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  • Author: Inge Depoortere x
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Sandra Steensels, Matthias Lannoo, Bert Avau, Jorien Laermans, Laurien Vancleef, Ricard Farré, Kristin Verbeke and Inge Depoortere

Taste receptors coupled to the gustatory G-protein, gustducin, on enteroendocrine cells sense nutrients to regulate gut hormone release. During Roux-en-Y gastric bypass (RYGB) surgery, the altered nutrient flow to more distal regions can affect gustducin-mediated gut hormone release and hence energy and glucose homeostasis. We studied the role of gustducin-mediated signaling in the metabolic improvements and intestinal adaptations along the gut after RYGB surgery in wild-type (WT) and α-gustducin−/− (α-gust −/−) mice. RYGB surgery decreased body weight in WT and α-gust −/− mice, whereas food intake was only decreased in WT mice. Pair-feeding to the RYGB group improved glucose homeostasis to a similar extent in WT mice. GLP1 levels were increased in both genotypes, PYY levels in α-gust −/− mice and octanoyl ghrelin levels were not affected after RYGB surgery. In WT mice, nutrients act via α-gustducin to increase L-cell differentiation (foregut) and L-cell number (foregut and hindgut) in a region-dependent manner. In α-gust −/− mice, the effect on gut hormone levels is probably tuned via increased peptide sensor and glucose transporter expression in the Roux limb and increased caecal butyrate and propionate levels in the hindgut that activate free fatty acid receptors. Finally, signaling via α-gustducin plays a role in the increased ion transport of the foregut but not in the improvement in colonic barrier function. In conclusion, RYGB surgery decreased body weight in both WT and α-gust −/− mice. Elevated plasma GLP1 and PYY levels might mediate this effect, although α-gustducin differentially affects several regulatory systems in the foregut and hindgut, tuning gut hormone release.

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Anneleen Segers, Louis Desmet, Shu Sun, Kristin Verbeke, Jan Tack and Inge Depoortere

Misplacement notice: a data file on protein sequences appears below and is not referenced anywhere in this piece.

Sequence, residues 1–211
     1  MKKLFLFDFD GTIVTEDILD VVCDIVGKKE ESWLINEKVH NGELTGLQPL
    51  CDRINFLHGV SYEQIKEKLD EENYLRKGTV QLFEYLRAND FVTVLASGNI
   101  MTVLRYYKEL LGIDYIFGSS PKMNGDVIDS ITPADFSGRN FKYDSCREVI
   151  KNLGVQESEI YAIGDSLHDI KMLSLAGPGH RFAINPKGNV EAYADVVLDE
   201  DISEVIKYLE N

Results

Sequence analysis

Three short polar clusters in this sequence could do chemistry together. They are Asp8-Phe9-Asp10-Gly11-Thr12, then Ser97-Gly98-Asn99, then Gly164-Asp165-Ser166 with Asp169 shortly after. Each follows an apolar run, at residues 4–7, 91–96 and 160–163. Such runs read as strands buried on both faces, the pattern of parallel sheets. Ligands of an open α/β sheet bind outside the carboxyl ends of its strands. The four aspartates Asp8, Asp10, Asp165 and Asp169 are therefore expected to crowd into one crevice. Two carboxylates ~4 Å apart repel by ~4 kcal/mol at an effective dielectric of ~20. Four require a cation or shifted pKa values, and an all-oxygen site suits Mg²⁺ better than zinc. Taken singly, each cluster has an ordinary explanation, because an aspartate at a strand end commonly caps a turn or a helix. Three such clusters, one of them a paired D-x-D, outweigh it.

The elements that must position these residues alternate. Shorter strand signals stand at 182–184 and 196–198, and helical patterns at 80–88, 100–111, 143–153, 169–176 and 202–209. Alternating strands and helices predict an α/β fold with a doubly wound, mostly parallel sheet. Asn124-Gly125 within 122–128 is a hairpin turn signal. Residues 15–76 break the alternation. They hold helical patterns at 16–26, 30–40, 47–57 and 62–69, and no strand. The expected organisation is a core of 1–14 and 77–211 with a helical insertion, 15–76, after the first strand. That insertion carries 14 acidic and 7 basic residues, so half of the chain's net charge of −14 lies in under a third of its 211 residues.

The known crosstalk between short-chain fatty acids (SCFAs) and the circadian clock is tightly intertwined with feeding time. We aimed to investigate the role of the core clock gene Bmal1 and feeding time in the diurnal rhythms in plasma and caecal SCFAs levels and in their effect on the release of the hunger hormone ghrelin in the stomach and colon. WT, Bmal1-/- (ad libitum fed) and night-time-restricted-fed (RF)-Bmal1-/-- littermates were sacrificed at Zeitgeber time (ZT) 4 and 16. SCFA concentrations were measured by gas chromatography. To investigate the effect of SCFAs on ghrelin release, stomach and colonic full-thickness strips were incubated with Krebs or a SCFA mix mimicking plasma or caecal concentrations, after which octanoyl ghrelin release was measured by radioimmunoassay. Diurnal rhythms in caecal and plasma SCFAs oscillated in phase but rhythmic changes were abolished in Bmal1-/- mice. RF of Bmal1-/- mice restored fluctuations in caecal SCFAs. Plasma SCFA concentrations failed to affect gastric ghrelin release. The effect of caecal SCFA concentrations on colonic ghrelin release was rhythmic (inhibition at ZT 4, no effect at ZT 16). In Bmal1-/- mice, the inhibitory effect of SCFAs at ZT 4 was abolished. RF Bmal1-/- mice restored the inhibitory effect and increased colonic Clock expression. To conclude, diurnal fluctuations in caecal SCFAs and the effect of SCFAs on colonic ghrelin release are regulated by feeding time, independent of the core clock gene BMAL1. However, local entrainment of other clock genes might contribute to the observed effects.